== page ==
Europe’s ancient humans often hooked up with Neandertals

By about 45,000 years ago, the two species had interbred fairly often

This is the skull of a woman who lived more than 45,000 years ago in what is now the Czech Republic. Her DNA shows that the population she lived in bred frequently with Neandertals.

Marek Jantač

When early humans arrived in Europe around 45,000 years ago, they found Neandertals already there. So they hooked up with them. Those hookups between Homo sapiens and Neandertals happened more often than scientists had been assumed. That’s the conclusion of two new studies.

Scientists analyzed ancient DNA from a tooth and two bone fragments. They were the remains of three people unearthed in the Bacho Kiro Cave in Bulgaria. The bone bits had been radiocarbon dated. This process can determine the age of once-living tissue.

The bones’ owners lived 43,000 and 46,000 years ago. That makes them the oldest known human remains in Europe. Stone tools typical of late Stone Age humans were found in the same soil as the fossils. With the DNA still inside the bone remains, scientists showed that Neandertals contributed about 3 to 4 percent of the humans’ DNA.

“All of the Bacho Kiro individuals had recent Neandertal ancestors, as few as five to seven generations back in their family trees,” says Mateja Hajdinjak. She is an evolutionary geneticist. That’s someone who studies DNA to learn about human evolution. She works at the Francis Crick Institute in London, England.

A second study shows further evidence of ancient interbreeding. Scientists turned it up a nearly complete human skull in 1950. They found it in a cave in what’s now the Czech Republic. A new analysis of its DNA shows it came from a female. Her DNA suggests she also lived around 45,000 years ago. And about 2 percent of her genes come from Neandertals, say Kay Prüfer and his colleagues. Prüfer is an evolutionary geneticist. He works at the Max Planck Institute for the Science of Human History in Jena, Germany.

These human fossils aren’t the first ones found with bits of Neandertal DNA. But they appear to be the oldest. These data show for the first time that distinct human populations reached Europe fewer than 50,000 years ago. Neandertals interbred with all the groups detected so far. Some of their genes live on today in our DNA. Hajdinjak’s findings were published April 7 in Nature. Prüfer’s findings appeared April 7 in Nature Ecology & Evolution.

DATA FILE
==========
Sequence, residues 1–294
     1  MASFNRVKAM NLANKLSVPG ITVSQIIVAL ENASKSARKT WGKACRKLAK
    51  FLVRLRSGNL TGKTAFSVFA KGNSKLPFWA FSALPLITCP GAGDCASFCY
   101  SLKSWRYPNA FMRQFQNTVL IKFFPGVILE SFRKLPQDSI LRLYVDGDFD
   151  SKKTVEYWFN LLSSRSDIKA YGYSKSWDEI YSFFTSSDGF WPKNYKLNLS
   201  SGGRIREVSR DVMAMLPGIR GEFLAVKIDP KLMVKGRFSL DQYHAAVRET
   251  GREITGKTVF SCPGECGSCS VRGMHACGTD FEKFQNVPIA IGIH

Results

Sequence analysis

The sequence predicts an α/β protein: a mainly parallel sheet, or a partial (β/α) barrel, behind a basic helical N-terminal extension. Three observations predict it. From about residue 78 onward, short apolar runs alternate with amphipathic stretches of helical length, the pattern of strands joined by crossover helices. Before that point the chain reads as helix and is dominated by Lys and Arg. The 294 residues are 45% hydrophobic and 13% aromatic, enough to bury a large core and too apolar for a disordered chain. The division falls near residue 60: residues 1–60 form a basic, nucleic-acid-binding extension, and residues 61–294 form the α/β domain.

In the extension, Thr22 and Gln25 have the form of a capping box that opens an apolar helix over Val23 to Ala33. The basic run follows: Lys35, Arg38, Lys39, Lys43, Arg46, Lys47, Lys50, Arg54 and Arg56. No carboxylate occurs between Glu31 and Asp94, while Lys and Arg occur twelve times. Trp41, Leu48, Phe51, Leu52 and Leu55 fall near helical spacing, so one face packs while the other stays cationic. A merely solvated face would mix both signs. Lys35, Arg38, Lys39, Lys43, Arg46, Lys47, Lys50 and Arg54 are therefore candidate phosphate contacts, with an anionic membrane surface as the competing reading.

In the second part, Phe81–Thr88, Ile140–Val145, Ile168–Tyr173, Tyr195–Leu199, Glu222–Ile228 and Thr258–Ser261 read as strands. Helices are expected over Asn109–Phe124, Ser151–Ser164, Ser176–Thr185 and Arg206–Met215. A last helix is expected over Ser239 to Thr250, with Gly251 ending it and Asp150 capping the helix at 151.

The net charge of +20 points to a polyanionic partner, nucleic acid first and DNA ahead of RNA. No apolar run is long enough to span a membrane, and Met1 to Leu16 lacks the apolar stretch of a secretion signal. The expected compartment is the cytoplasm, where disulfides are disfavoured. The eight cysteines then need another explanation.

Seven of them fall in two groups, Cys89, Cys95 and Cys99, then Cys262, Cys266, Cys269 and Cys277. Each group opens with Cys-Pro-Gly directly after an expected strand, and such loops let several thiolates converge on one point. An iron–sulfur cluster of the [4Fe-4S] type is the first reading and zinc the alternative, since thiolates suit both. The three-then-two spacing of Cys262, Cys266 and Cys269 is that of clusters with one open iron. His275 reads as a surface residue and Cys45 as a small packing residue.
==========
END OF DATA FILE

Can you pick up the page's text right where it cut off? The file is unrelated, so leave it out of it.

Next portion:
Neandertals went extinct around 40,000 years ago. But some of their genes live on in humans. Nearly 2 percent of the DNA, on average, in non-African people comes from Neandertal ancestors. Present-day Africans have about 0.5 percent Neandertal DNA.

The new studies also suggest that some early human entrants to Europe had a long-lasting impact on our DNA. Others hit genetic dead-ends. The Bacho Kiro people represent a newly identified group of ancient Europeans. They have genetic ties to present-day East Asians and Native Americans. But they aren’t linked to western Eurasians, Hajdinjak’s group says. The Czech Republic woman’s line, on the other hand, ended about 40,000 years ago. People today have inherited no genes from her descendants.

“It is remarkable that the Bacho Kiro finds could represent a population that was spreading 45,000 years ago, at least, from Bulgaria to China,” says Carles Lalueza-Fox. He’s an evolutionary geneticist who works at the Institute of Evolutionary Biology. It’s in Barcelona, Spain.

Other people who reached Europe thousands of years later were the ancestors of today’s Europeans, Hajdinjak suggests. At Bacho Kiro Cave, for instance, there is DNA from another newly recovered human-bone fragment. It only dates to around 35,000 years ago — the Stone Age. This newer bone displays different DNA than that of the cave’s earlier residents. This Stone Age person contributed genes mainly to Europeans and western Asians, Hajdinjak says.

By nearly 40,000 years ago, Neandertals were headed for extinction. This means that a fairly large number of incoming humans were breeding with a small number of Neandertals, Lalueza-Fox suspects.

More recently than 40,000 years ago, new human migrants into Europe would mate with the people already there. But those new people would have little or no Neandertal ancestry. Over time, they would have diluted Neandertal DNA from the human gene pool down to the small amounts that remain today, he says.

Bruce Bower has written about the behavioral sciences for Science News since 1984. He writes about psychology, anthropology, archaeology and mental health issues.

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